After breaking up the scuffle he threatened both of them with appearance tickets or worse. When he’d left they weren’t speaking. Good! He hoped it stayed that way. Thank goodness they no longer had any stock to tend and Pete figured it wouldn’t be long before Matilda Marshall would be too frail to lift that heavy, cast iron skillet she always threatened her husband with.
That woman was one of the most quarrelsome creatures it had ever been his misfortune to arrest, and he’d arrested her more than once. Pete couldn’t imagine being married for fifty-plus years to such a cantankerous bat. Truthfully, he could well understand why Henry tipped the bottle now and then. They’d talked about it once.
“Hank, why the hell do you put up with that woman?” Pete had asked, shaking his head.
“For one thing, I got nowhere to go,” the old man admitted scratching his head. “The kids cleared out as soon as they were able and not one of them settled nearby.”
“There are senior apartments,” Pete pointed out. “Places you could live alone in peace.”
“This is my home, Pete,” Hank explained. “Why I can’t imagine leaving here.”
“But she’s so… mean,” Pete replied, trying to state the obvious as kindly as he could.
“That she is,” Hank agreed. “Believe it or not Tildy was a beautiful woman. Oh, the dreams we had when my granddaddy left us this place. I couldn’t wait to marry her and start our life together,” he said with a faraway look in his cataract-clouded eyes.
“The usual, too much work and not enough play. She changed, starting arguments and fussing over every little problem.”
“Why didn’t you take a stick to her butt when it started?” Pete asked.
“I thought about it, more than once, but the life I’d given her was not the life I promised. Keeping this farm running and getting it to pay was hard work. Tildy did her share. Then the kids started coming along and there was even more to do. One day she looked in the mirror and she saw the old, work-worn woman she’d become and blamed me. I can’t argue.
“After that, there was no reasoning with her. She became a mean-spirited wife and mother and the kids couldn’t get away from here fast enough. I don’t blame them either,” he said with a sigh. “Eventually I started hitting the bottle trying to drown out the sound of her bitchin’. Soon she was doing the same.”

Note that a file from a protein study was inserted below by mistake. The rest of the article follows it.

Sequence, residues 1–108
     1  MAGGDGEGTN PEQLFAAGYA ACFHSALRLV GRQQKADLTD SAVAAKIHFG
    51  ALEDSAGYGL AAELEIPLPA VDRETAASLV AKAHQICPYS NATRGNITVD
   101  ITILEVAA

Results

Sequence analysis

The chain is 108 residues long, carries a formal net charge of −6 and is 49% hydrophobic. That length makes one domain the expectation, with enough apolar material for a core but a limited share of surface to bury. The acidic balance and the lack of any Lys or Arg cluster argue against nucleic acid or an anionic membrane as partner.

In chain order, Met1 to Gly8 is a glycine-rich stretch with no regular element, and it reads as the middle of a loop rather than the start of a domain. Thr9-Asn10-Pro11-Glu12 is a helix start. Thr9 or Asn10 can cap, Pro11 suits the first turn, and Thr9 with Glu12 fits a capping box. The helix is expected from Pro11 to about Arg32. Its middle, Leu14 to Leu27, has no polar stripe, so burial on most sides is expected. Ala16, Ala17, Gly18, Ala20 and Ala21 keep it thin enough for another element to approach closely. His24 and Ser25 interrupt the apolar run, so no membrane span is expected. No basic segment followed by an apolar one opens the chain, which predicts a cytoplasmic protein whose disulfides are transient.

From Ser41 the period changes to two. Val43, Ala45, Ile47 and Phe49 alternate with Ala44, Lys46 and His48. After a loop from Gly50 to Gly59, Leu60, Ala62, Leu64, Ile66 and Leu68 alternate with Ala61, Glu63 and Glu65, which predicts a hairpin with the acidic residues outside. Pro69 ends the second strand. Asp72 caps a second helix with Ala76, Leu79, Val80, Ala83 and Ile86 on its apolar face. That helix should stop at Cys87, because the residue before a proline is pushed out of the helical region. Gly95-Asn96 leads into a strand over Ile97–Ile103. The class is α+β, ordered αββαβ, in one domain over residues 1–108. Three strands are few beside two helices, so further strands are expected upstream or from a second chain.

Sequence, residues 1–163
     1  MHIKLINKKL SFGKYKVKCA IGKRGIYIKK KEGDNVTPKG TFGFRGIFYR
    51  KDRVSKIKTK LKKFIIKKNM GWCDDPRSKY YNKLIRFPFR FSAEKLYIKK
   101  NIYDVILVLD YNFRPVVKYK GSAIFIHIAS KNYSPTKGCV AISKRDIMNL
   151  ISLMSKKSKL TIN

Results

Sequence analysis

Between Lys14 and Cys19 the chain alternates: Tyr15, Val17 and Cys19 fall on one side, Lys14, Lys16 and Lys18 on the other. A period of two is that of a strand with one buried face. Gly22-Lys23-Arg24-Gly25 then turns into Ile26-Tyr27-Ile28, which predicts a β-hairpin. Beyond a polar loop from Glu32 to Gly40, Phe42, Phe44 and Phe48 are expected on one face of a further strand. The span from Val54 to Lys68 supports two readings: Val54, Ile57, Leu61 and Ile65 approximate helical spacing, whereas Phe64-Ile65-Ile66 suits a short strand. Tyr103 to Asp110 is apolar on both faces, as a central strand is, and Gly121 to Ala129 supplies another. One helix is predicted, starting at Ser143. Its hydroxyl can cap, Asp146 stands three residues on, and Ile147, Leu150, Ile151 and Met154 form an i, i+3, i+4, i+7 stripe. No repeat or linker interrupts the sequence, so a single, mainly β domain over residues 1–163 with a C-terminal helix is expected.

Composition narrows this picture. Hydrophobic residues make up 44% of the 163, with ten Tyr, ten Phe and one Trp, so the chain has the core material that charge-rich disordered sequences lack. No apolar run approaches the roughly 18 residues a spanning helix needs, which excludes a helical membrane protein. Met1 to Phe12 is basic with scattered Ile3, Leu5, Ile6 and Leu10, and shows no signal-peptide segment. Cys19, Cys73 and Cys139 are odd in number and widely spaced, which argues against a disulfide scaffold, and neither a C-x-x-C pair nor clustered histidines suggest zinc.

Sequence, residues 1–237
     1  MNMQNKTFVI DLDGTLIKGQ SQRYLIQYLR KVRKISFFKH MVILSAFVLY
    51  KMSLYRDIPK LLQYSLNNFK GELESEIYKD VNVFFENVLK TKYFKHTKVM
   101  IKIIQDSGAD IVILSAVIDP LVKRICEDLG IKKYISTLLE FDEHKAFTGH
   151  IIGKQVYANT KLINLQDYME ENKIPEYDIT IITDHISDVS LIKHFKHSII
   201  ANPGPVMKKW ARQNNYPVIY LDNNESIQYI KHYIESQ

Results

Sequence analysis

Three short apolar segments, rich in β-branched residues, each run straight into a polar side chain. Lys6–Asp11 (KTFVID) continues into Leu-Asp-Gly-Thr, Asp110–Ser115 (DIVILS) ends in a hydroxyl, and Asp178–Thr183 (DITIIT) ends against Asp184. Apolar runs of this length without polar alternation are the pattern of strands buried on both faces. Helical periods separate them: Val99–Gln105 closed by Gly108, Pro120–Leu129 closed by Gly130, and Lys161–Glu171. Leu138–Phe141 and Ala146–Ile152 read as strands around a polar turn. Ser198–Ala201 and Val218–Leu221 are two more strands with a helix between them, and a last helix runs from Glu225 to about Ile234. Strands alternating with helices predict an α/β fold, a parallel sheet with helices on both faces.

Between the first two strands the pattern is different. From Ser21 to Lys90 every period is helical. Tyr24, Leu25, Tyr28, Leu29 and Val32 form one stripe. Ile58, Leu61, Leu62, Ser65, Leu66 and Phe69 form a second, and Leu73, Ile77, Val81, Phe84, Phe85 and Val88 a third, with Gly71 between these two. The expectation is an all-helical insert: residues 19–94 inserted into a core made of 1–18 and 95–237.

“Do you think if you’d taken her in hand when she was younger things might be different today?”
“Maybe. Can’t say but it’s too late now anyway. It’s water under the bridge.”
Pete had no more to offer.
He was never getting married.
Taking a seat at the counter Pete smiled as he watched Josie scurry around. A minute later she placed a cup of coffee and a cinnamon roll in front of him and went on about her business. She was a pretty little thing, quiet most of the time and sassy when she needed to be. Occasionally things could get a bit rowdy at Sally’s Diner.
“Where’s Sally today?” he called out to her before picking up his cup to take a sip.
“She took the day off, being it’s Monday and all. Said she had important business to take care of,” Josie called over her shoulder as the little bell rang and she hurried to pick up her order from the window. “I suspect that business has something to do with Bingo,” Josie whispered with a grin as she passed him.
Pete laughed, heard the bell on the door and turned to see who was coming in. Crap, Marla Majestic, he swore softly. She was, as usual, dressed to the nines, her high heels clicking rapidly across the tile floor.
“Where is she?” she demanded loudly, taking a napkin and wiping the counter fastidiously before setting her purse down.